Two of my favorite books from when I was in the first grade, How to Care for your Monster and The Witch's Catalog, are profiled in the excellent Haunted Closet Blog. The first reads like a practical instruction manual, the second is like the best Johnson Smith catalog you could ever hope for. Both of them are unique in how they treat the occult and the unnatural as something anyone can acquire from the mail or a pet shop.

Click images below for synopses and page scans:


2 Halloween Party Recipes

It's extremely out of place for this blog to dispense any useful information. But in preparing for our fourth annual Pumpkin Carv-A-Thon, I've recently made two homemade beverages which turned out so well that I have to share them here.

Pumpkin Martini

Make this at least three days in advance; pour a standard 700ml bottle of decent vodka into a jar and add a few cubes of fresh pumpkin, along with 1 cinnamon stick, 1/2 a nutmeg, a few pieces of whole allspice, and a couple of thin slices of ginger. Seal. Taste teste every day or two, removing or retaining elements as needed. (I recommend removing the pumpkin after three days, otherwise it gets too intense). Strain when ready.

To serve, coat the rim of a martini glass with triple sec and dip in a mix of equal parts pumpkin pie spice and bar sugar. pour 1 oz. of pumpkin-infused vodka and 1/4 oz. triple sec (or cointreau) into an iced cocktail shaker for every serving. shake and strain into glasses.

Pumpkin Ale
I've made this several times since 1996, and through all the trial and error I've arrived at this seasonal beer which is very light on the malt and hops, allowing the pumpkin and spices to stay in the foreground. I started it three weeks ago and tried an advance bottle just now, which has surpassed all expectations. It's too late for you to have this ready for this year's Halloween party, but not too late to buy a pumpkin at the supermarket and start brewing:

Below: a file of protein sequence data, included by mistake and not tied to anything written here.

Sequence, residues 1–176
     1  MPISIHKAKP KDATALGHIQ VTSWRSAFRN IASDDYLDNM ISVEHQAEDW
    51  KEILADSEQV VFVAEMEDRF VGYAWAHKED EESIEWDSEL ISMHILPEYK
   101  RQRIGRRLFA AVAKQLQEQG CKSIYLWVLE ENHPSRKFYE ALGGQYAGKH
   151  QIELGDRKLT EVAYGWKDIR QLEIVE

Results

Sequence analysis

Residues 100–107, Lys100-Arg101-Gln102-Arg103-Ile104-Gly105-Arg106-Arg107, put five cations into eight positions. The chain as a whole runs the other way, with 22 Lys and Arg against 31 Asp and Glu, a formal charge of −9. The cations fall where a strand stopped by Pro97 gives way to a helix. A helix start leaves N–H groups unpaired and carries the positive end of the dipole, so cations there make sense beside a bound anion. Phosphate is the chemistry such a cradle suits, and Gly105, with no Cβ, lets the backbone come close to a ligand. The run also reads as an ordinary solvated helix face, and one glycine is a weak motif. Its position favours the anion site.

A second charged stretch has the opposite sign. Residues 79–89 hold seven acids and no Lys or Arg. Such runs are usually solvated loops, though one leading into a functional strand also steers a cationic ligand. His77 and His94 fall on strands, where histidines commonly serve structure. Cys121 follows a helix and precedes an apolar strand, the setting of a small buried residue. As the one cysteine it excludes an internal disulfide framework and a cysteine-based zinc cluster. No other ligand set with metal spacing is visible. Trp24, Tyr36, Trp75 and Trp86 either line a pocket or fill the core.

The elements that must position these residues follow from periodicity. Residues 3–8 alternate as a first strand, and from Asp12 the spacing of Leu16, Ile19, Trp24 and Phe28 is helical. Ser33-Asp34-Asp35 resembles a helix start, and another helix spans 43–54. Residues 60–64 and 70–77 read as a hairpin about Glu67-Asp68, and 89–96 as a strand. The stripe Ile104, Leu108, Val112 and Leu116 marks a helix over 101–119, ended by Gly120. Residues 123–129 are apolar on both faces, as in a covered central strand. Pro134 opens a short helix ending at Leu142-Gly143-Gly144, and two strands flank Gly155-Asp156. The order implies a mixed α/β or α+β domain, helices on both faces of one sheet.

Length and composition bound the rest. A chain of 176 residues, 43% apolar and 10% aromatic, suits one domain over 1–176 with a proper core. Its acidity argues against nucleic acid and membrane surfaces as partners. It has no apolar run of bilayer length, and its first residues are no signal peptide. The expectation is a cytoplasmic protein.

7 lb. Light Malt Extract (liquid)
1 lb. 2-row pale malt
1 lb. cara-pils malt
7 lb. whole pumpkin
1 oz. of 5 AAU cascade hops
1 teaspoon pumpkin pie spice
1 teaspoon cinnamon
3/4 cup corn sugar
1 teaspoon pumpkin pie spice
1 teaspoon cinnamon

cut pumpkin lengthwise into quarters. Scrape out seeds and stringy bits. Roast in a 350 oven until soft all the way through (@30 minutes). Cool, peel off the skin and put the rest through a food processor.

do a partial mash with the crushed 2-row and cara-pils in 1 gallon of water, maintain at 154 degrees for 45 minutes.

Bring to a boil with malt extract, all of the pumpkin and the cascade hops. Boil for 60 minutes. In the last couple minutes add the pumpkin pie spice and cinnamon.

Cool and pour through a colander to strain out larger pumpkin pieces (finer pulp will strain through). After cooling to @75 degrees, pitch the yeast (I used american ale powdered yeast in 1 quart of starter, prepared two days earlier) . Ferment for one week. Rack to a secondary carboy (expect more trub than usual, due to the pumpkin), ferment for 1-2 more weeks.

For bottling, boil the additional pumpkin pie spice and cinnamon with the corn sugar.



Secrets of The Candy Factory

This is the Harlem avenue CTA train platform in Oak Park, bordering the central West side of Chicago. A 1/4 mile away from this spot is the house I was raised in for 18 years. And here you see the Ferrara Pan Candy Factory, origination point of the World's entire supply of Lemonheads, Red Hots, Boston Baked Beans and Atomic Fireballs.

On some nights, particularly in the Summer, the smell of red hots would hang in the air of our backyards like heavy fog. My friends and I would always wonder what the inside of the factory might look like. They didn't give tours, so the closest we ever got was the factory outlet store, which was no more than a window with an ornery old hag on the other side of it, begrudgingly scooping candy into brown paper bags to sell by weight (it's still open).

But now, thanks to the interweb, the secrets are out. Ferrara Pan's website has flash animations of how their most popular items are made. Click on the candy of your choice, and all will be revealed:

Amazing bonus fact: Ferrara Pan still uses trains to get their sugar delivered, and they go through a rail car full of it every day.


Darwin IV

Several years ago a friend turned me on to Wayne Douglas Barlowe, an artist whose work falls somewhere between science fiction and biology (his parents were both natural history artists). My favorite of his books is Expedition: Being an Account in Words and Artwork of the 2358 A.D. Voyage to Darwin IV. It hasn't been reprinted since its initial run in 1990, but you can still get an affordable copy on Amazon.

None of the text (a technical account of the life discovered on a distant planet in the 24th century) can be found online, but a small selection of paintings can be viewed on the artist's website.

In 2005, a 90-minute 'documentary' of Expedition was produced for television. The results are surprisingly good, and the whole thing can be seen here: